Page 20. THE SYDNEY BUSHWALKER November, 1970.
Ray Hookway's recent lib trip was chiefly notable for the persistence of the leader, who insisted that come hell or high water, the trip would go
as per programme. The leader was last seen drifting like a lone iceberg down the chilly Kowmung River.
- It is reported that on Peter Franks' trip to Crown Mountain, the leader
came home with a pack that was heavier than when he started.. Reports that the. pack contained oranges are unfounded.
* By Elihu F. stemmallo*
Well, the programme said: “Wolgan River Crown Mountain”. So the 15
people who set off at 9 o'clock on the Saturday morning from the cars
(left beside the. Newnes road) fully expected to conquer this impressive mountain under Pater Franks' leadership. We started walking later than intended, as one carload had arrived before the rest of the party on Friday night and had campod about a mile further down the road. Of course we didn't know if they had arrived at all until David Peacock (who has served only
4 months of his exile from the Mother Country in the Colonies) appeared
over the hill. He had set out to look for us, in the best traditions of the glorious Empire!
With drums beating and the native bearers following, the party proceeded through paddocks. in the valley of the Wolgan River (West Branch) towards the head of the valley and McLean Pass. After a cloudy, warm night the weather was Clearing to become quite hot by the time we started
climbing. Scrubbashing up steep slopes, and some awkward Clanibering up a
rocky creek bed got us to within 100 feet of the ridge top, where further progress was barred by unscaleable sandstone cliffs. Don Finch' and Ian
Guthridge Lid some investigating and found a roundabout way up, but by this
time everyone was ready for lunch and a good rest.
On top of the ridge the going was slow, as large expanses of deeply fissured rock were interspersed with belts of thick scrub, but the view of
the Caper-bee Valley was well worth the effort, with Crown Mountain jutting up from the valley floor only a couple of miles away. Sandstone formations along this edge of the ridge had. been eroded into weird shapes by the wind,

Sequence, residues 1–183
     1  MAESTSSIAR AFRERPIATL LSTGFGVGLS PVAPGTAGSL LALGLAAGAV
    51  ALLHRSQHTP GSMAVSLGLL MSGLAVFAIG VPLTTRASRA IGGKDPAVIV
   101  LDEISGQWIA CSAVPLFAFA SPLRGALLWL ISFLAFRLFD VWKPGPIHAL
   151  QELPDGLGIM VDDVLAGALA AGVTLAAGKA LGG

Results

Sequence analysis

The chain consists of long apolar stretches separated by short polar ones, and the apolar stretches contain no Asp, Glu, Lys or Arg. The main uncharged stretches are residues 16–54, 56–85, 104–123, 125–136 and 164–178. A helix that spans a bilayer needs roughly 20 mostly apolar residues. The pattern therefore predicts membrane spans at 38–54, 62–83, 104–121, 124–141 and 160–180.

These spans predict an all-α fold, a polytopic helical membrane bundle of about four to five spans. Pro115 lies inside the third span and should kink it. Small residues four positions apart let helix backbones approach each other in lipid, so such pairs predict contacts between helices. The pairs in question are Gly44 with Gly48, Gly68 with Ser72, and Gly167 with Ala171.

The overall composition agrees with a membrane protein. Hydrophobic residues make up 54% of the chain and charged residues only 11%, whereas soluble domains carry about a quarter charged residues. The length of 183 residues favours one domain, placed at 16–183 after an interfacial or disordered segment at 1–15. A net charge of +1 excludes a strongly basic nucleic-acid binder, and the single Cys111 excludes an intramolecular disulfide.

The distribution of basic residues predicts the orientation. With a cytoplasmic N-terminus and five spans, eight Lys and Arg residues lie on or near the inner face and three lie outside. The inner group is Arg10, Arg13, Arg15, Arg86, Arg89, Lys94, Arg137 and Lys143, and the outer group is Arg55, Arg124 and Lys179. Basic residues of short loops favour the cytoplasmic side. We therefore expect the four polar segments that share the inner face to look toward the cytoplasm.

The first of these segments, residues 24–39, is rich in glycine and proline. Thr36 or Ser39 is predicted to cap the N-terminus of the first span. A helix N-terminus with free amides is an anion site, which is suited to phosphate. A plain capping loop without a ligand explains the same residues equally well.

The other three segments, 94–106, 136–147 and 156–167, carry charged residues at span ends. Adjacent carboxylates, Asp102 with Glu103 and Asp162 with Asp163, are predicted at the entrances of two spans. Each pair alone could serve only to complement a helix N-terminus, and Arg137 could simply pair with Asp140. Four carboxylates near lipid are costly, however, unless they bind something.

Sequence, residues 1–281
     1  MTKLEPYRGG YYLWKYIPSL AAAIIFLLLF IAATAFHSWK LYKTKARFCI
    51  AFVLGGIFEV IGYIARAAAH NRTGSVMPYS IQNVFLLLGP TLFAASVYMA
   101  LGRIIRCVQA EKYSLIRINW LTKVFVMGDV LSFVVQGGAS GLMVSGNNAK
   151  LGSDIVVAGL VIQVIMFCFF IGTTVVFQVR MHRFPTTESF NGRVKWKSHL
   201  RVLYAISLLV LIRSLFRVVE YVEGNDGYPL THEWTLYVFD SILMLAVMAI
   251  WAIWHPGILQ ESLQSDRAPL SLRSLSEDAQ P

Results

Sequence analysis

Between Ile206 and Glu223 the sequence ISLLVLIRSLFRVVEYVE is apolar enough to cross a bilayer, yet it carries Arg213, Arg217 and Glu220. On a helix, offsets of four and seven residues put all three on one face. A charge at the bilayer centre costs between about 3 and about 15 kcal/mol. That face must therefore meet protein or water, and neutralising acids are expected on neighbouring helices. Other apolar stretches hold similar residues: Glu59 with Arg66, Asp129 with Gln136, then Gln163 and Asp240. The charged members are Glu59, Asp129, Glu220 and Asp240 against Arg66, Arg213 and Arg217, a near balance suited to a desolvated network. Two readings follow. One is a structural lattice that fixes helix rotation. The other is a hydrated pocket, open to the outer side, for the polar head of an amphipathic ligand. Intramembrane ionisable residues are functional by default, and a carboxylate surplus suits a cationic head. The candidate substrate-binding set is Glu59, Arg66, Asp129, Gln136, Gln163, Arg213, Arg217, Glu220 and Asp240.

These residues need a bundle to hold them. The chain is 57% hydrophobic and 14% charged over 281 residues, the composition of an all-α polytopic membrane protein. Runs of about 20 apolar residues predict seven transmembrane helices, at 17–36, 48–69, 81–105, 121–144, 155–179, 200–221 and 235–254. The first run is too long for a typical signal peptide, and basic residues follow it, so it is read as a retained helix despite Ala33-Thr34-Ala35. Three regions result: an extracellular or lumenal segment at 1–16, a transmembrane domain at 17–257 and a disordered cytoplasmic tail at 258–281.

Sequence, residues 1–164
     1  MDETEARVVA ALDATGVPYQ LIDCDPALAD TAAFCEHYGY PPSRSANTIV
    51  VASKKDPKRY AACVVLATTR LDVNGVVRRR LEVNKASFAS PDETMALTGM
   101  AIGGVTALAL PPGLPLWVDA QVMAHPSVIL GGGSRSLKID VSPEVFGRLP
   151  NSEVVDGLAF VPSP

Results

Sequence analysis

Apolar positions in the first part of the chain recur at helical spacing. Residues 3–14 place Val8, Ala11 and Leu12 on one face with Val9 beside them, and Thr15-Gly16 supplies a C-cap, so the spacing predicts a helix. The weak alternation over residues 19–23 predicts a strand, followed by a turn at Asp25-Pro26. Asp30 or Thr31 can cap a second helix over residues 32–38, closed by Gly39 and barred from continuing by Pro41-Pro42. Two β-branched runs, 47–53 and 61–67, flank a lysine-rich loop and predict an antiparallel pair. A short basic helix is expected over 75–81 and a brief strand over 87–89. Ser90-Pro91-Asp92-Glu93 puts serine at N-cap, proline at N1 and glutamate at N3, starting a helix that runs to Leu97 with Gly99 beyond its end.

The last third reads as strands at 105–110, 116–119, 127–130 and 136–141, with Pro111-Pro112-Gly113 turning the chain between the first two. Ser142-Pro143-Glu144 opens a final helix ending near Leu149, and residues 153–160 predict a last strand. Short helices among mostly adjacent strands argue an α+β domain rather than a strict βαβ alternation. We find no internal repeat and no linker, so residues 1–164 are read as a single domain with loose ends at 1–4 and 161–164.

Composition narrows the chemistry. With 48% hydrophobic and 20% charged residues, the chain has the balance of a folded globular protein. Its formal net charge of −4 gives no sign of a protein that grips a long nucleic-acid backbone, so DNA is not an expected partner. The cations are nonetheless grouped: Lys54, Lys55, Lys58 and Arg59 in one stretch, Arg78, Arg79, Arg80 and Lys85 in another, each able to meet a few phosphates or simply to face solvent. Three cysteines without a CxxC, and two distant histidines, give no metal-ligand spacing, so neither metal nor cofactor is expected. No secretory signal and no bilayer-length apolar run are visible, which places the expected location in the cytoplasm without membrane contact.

November, 1970. THE SYDNEY BUSHWALKER Page 21.
and in obliging a photograph&s.request for someone to pose on top of a small Nushroomshaped pillar of rock, Peter stood too close to a thin edge, which broke away, giving him a nasty fall onto the rock below. Luckily he received .only grazes and a shaking, but to his disgust the performance went unrecorded on film.
Apparently impassible cliffs blocked our way down to the valley, and to make matters worse the mapreading experts deduced that we had in fact ascended the wrong creek, about imile east of McLean Pass. With
the time at nearly 3 o'clock we realised that Crown Mountain would have to wait until another trip, as completing the original schedule of the walk was now ceat,of the question. Everyone was happy with the suggested alternative, that we walk east along the ridge and camp at the first suitable place.
About 20 minutes walking Past bright patches of wildflowers brought us to a sheltered campsite near Mount Jamieson, giving us a grand total of about 3i- miles covered for the days A large rock buttress adjacent to the campsite provided a grandstand view of the sun setting, and later on the moon rising. Prospectives please not despite appearances to the contrary, bushwaikers do not usually howl at the moon, or recite rude limericks all evening.
A good night's sleep was ended at about 6 a.m. by growls of thunder and a shower of rain, from which the weather optimists (who had slept out) beat a hasty retreat. Breakfast was prepared between intermittent showers, but the threatening skies fulfilled their promise and we packed up and moved off in heavy rain. Rather than attempting to find another way down the cliffs in adverse conditions, Peter decided to return the same way as we had come. An extended morning tea under a rock overhang enabled us to
dry out around a fire, and descending the creek was considerably easier than ascending it, due in part to taking a slightly different route. By this time the rain had stopped, but the scrub was still sodden.
Level grassy ground at the head of the valley provided a pleasant spot for lunch, although conditions there seemed to favour extensive patches of nettlesS.After lunch, with plenty of time to spare, several members of the party demonstrated the truth of Darwin's theory, with displays of treeclimbing and various gymnastics. A further hour's walking saw us back at the cars in time for a short visit to the historic Newnes pub and its justly famous art gallery.
Even if we didn't reach our objective, a very pleasant weekend was enjoyed by all thanks, Peter.
- \ A41 “In the hest traditions of the Glorious Empire!”